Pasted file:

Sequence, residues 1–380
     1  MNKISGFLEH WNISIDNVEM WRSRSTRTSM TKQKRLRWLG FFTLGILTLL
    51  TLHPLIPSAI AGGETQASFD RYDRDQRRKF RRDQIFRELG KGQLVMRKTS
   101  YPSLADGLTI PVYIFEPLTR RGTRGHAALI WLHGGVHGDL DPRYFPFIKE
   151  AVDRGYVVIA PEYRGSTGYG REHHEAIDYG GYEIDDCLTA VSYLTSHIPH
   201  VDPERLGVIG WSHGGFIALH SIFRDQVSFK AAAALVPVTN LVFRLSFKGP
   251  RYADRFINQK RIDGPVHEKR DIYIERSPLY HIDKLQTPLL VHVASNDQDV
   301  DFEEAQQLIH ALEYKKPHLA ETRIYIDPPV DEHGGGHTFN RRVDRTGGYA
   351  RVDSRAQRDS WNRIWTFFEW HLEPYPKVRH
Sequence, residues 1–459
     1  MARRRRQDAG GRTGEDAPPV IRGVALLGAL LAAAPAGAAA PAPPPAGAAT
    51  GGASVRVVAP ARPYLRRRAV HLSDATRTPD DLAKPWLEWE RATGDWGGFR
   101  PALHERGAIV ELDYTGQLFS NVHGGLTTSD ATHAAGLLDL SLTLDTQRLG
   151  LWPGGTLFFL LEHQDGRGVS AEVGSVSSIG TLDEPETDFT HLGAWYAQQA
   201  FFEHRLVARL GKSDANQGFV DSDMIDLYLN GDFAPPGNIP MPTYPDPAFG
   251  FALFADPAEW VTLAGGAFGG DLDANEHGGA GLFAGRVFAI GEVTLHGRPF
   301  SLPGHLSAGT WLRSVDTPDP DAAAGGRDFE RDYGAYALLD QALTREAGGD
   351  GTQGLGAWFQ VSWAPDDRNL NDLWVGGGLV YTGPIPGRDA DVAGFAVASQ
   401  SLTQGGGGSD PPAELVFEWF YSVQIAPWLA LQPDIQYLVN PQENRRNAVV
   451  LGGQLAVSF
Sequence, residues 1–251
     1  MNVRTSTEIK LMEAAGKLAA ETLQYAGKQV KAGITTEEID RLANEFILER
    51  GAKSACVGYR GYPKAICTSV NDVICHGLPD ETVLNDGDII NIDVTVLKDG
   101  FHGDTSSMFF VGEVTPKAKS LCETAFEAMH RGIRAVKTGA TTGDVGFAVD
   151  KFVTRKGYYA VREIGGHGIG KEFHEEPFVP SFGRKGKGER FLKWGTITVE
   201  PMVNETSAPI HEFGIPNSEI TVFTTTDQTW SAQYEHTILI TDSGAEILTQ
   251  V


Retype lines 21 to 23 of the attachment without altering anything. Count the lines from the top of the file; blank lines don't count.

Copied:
Sequence, residues 1–251
     1  MNVRTSTEIK LMEAAGKLAA ETLQYAGKQV KAGITTEEID RLANEFILER
    51  GAKSACVGYR GYPKAICTSV NDVICHGLPD ETVLNDGDII NIDVTVLKDG